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Successful knowledge translation intervention in long-term care: final results from the vitamin D and osteoporosis study (ViDOS) pilot cluster randomized controlled trial.

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Kennedy CC1, Ioannidis G2, Thabane L3, Adachi JD4, Marr S5, Giangregorio LM6, Morin SN7, Crilly RG8, Josse RG9, Lohfeld L10, Pickard LE11, van der Horst ML12, Campbell G13, Stroud J14, Dolovich L15, Sawka AM16, Jain R17, Nash L18, Papaioannou A19,20.

Abstract

BACKGROUND:

Few studies have systematically examined whether knowledge translation (KT) strategies can be successfully implemented within the long-term care (LTC) setting. In this study, we examined the effectiveness of a multifaceted, interdisciplinary KT intervention for improving the prescribing of vitamin D, calcium and osteoporosis medications over 12-months.

METHODS:

We conducted a pilot, cluster randomized controlled trial in 40 LTC homes (21 control; 19 intervention) in Ontario, Canada. LTC homes were eligible if they had more than one prescribing physician and received services from a large pharmacy provider. Participants were interdisciplinary care teams (physicians, nurses, consultant pharmacists, and other staff) who met quarterly. Intervention homes participated in three educational meetings over 12 months, including a standardized presentation led by expert opinion leaders, action planning for quality improvement, and audit and feedback review. Control homes did not receive any additional intervention. Resident-level prescribing and clinical outcomes were collected from the pharmacy database; data collectors and analysts were blinded. In addition to feasibility measures, study outcomes were the proportion of residents taking vitamin D (≥800 IU/daily; primary), calcium ≥500 mg/day and osteoporosis medications (high-risk residents) over 12 months. Data were analyzed using the generalized estimating equations technique accounting for clustering within the LTC homes.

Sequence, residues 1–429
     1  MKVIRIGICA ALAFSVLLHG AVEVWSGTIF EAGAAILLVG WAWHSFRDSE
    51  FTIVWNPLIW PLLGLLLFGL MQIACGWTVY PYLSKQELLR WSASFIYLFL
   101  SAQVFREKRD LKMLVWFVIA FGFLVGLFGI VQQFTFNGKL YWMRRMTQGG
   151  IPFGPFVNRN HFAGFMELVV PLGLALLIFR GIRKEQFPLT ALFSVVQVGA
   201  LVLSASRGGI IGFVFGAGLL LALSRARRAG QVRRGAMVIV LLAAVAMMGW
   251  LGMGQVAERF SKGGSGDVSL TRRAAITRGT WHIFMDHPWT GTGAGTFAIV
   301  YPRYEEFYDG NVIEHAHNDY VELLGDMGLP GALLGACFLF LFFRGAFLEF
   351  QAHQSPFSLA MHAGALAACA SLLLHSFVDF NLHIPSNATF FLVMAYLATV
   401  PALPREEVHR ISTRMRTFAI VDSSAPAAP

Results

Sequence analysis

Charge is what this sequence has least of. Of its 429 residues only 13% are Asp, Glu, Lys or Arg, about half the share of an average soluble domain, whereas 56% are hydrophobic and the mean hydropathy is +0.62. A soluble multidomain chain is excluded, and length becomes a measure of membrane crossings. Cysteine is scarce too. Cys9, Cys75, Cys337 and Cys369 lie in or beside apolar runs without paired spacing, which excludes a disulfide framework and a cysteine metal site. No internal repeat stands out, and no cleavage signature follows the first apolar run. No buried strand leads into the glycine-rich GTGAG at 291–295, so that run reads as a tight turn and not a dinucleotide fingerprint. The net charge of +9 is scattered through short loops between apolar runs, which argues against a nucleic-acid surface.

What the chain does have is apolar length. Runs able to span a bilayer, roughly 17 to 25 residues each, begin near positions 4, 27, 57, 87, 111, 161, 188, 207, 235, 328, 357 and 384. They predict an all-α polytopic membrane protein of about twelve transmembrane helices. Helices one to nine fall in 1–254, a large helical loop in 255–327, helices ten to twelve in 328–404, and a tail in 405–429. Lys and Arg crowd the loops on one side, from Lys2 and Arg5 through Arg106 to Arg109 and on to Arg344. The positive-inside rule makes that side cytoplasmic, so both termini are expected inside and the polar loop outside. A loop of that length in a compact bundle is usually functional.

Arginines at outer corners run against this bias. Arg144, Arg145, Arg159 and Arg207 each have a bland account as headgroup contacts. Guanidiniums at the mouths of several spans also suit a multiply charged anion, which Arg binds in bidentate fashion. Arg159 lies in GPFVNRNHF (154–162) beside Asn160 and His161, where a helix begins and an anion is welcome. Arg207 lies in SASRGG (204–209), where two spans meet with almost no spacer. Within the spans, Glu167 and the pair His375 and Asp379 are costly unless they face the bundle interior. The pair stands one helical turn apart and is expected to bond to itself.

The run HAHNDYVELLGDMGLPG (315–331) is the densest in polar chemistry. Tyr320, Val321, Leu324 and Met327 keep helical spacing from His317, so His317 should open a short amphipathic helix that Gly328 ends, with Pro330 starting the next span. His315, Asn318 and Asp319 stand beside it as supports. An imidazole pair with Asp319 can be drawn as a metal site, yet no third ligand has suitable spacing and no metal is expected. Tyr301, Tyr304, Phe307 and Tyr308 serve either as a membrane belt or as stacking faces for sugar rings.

RESULTS:

At baseline, 5,478 residents, mean age 84.4 (standard deviation (SD) 10.9), 71% female, resided in 40 LTC homes, mean size = 137 beds (SD 76.7). In the intention-to-treat analysis (21 control; 19 intervention clusters), the intervention resulted in a significantly greater increase in prescribing from baseline to 12 months between intervention versus control arms for vitamin D (odds ratio (OR) 1.82, 95% confidence interval (CI): 1.12, 2.96) and calcium (OR 1.33, 95% CI: 1.01, 1.74), but not for osteoporosis medications (OR 1.17, 95% CI: 0.91, 1.51). In secondary analyses, excluding seven nonparticipating intervention homes, ORs were 3.06 (95% CI: 2.18, 4.29), 1.57 (95% CI: 1.12, 2.21), 1.20 (95% CI: 0.90, 1.60) for vitamin D, calcium and osteoporosis medications, respectively.

CONCLUSIONS:

Our KT intervention significantly improved the prescribing of vitamin D and calcium and is a model that could potentially be applied to other areas requiring quality improvement.

Resource: Trials. 2015 May 12;16:214.